AIIMS scientists describe new type of diabetes afflicting the brain -
AIIMS scientists describe new type of diabetes afflicting the brain
Posted 20 Feb 2017 03:49 PM


New Delhi: In a groundbreaking study, scientists at the All India Institute of Medical Sciences (AIIMS), New Delhi have described a new type of diabetes they term as “Diabetes Type 4”.
This new discovery is expected to open a new field of therapy for glaucoma and neurodegenerative diseases.

According to Dr Muneeb Faiq and Dr Tanuj Dada, scientists behind this study, this diabetes is uniquely different from the one accompanied with high blood glucose levels because it afflicts the brain and ocular tissues specifically.

Dr Faiq is a clinical researcher working on glaucoma, neurodegeneration and diabetes and Dr Dada is professor of ophthalmology at AIIMS, New Delhi.

Diabetes Type 1 and 2 are accompanied with high levels of glucose in the blood but according to the scientists, Diabetes Type 3 (Alzheimer’s disease) and Diabetes Type 4 (glaucoma) are restricted to the brain and ocular tissues respectively.

Dr Faiq and Dr Dada have also made a case for Parkinson’s disease to be referred as Diabetes Type 5.

Glaucoma is the leading cause of irreversible blindness with more than 65 million sufferers worldwide. It is accompanied with severe compromise in the quality of life, stress, depression, higher propensity to accidents and cognitive deficit in addition to huge economic burden. There is no cure for this malady and the only treatment currently available is lowering of eye pressure with medicines and/or surgery. The disease continues to progress even after controlling the pressure inside the eyes. That is why this disorder is also called “Sneak thief of sight”.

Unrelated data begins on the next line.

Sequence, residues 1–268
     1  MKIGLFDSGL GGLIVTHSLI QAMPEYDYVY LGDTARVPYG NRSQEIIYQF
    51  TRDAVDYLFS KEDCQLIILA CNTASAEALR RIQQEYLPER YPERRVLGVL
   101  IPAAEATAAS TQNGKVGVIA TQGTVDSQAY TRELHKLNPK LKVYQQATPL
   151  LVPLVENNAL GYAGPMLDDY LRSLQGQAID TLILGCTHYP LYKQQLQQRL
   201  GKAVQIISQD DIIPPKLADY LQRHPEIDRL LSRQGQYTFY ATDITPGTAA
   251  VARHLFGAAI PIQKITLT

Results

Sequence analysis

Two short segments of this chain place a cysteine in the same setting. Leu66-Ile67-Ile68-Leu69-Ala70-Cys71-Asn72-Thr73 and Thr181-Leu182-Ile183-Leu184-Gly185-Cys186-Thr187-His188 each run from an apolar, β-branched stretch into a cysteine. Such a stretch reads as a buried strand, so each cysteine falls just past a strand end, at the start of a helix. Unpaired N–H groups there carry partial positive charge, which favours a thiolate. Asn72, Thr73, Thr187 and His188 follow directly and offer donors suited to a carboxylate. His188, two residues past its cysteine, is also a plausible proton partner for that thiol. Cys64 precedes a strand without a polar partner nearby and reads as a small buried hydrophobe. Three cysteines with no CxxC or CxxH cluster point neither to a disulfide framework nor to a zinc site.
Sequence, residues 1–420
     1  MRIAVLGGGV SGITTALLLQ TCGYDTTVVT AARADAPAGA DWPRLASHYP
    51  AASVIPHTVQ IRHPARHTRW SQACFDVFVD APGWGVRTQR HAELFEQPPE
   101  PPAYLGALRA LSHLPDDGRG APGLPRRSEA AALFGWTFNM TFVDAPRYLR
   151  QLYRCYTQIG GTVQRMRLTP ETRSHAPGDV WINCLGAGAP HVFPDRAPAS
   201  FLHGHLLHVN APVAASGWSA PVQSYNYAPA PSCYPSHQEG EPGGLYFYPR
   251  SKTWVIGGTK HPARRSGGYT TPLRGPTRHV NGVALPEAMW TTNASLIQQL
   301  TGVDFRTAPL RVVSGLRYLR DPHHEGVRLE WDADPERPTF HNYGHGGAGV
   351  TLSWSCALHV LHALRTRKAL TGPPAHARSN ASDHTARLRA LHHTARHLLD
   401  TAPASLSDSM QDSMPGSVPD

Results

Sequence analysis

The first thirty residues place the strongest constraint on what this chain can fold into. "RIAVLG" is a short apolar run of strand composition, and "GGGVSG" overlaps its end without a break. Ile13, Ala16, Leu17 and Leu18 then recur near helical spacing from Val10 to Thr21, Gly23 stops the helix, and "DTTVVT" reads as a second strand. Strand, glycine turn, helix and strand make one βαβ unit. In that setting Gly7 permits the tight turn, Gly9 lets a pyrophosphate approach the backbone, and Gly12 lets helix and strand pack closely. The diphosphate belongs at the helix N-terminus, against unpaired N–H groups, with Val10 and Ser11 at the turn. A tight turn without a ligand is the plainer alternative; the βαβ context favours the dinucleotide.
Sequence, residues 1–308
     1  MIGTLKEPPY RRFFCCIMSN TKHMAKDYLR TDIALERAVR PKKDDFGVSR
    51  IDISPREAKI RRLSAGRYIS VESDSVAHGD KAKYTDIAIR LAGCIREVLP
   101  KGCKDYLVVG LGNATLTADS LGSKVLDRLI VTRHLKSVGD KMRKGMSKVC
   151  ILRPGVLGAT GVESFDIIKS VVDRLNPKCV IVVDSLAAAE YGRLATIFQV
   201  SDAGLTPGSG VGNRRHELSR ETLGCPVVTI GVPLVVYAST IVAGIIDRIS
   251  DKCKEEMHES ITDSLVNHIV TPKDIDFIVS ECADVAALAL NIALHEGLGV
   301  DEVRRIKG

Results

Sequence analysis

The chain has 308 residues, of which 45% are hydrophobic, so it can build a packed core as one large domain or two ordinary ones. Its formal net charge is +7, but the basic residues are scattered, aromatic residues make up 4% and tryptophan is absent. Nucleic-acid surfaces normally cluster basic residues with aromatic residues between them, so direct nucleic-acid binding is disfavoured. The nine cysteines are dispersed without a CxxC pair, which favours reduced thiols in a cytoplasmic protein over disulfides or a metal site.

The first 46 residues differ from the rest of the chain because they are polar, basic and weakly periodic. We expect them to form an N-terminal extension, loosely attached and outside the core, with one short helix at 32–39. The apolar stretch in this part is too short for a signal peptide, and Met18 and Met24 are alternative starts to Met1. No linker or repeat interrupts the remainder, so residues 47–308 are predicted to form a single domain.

With a view of developing an effective remedy for glaucoma, scientists are busy in cutting edge research to know the nature and pathogenesis of this disorder. But, as of now, no effective theory to cover all the aspects of this disease has been found.

The research carried out by Dr Faiq and Dr Dada is likely to satisfy this long sought goal, which may ultimately help in developing an effective cure. Their findings have opened new doors towards understanding glaucomatous vision loss and immediately suggest measures for prevention and effective treatment.

According to the paper published in Current Molecular Medicine, diabetes can afflict the brain and can exist independent of the other already known types of diabetes. This brain diabetes may or may not be accompanied with high blood sugar. Brain is a separate compartment and much of its metabolism is independent of systemic metabolism.

Based on this idea, the researchers claim that brain can suffer from diabetes (independent of regular type 1 and type 2 forms). If the diabetes affects the cerebral part it becomes Alzheimer’s disease (Diabetes Type 3) and if it afflicts the visual pathway it becomes glaucoma (Diabetes Type 4).

The investigators argue that the whole concept is based on insulin signalling and what they have termed “Insulin Hypofunctionality”. Proper insulin signalling is important for the survival of neurons, particularly Retinal Ganglion Cells (cells that die in glaucoma). Loss of healthy insulin signalling causes “Insulin Hypofunctionality” which leads to the activation of many disease pathways that finally culminate in irreversible vision loss.

The discovery of glaucoma being Diabetes Type 4 is likely to make a paradigm shift in the understanding of this disorder and identifies brain as the potential diagnostic and therapeutic target in glaucoma. In the light of this discovery, insulin therapy (restoration of insulin signalling) is a promising therapeutic intervention in glaucoma as well as in Alzheimer’s disease and possibly Parkinson’s disease.

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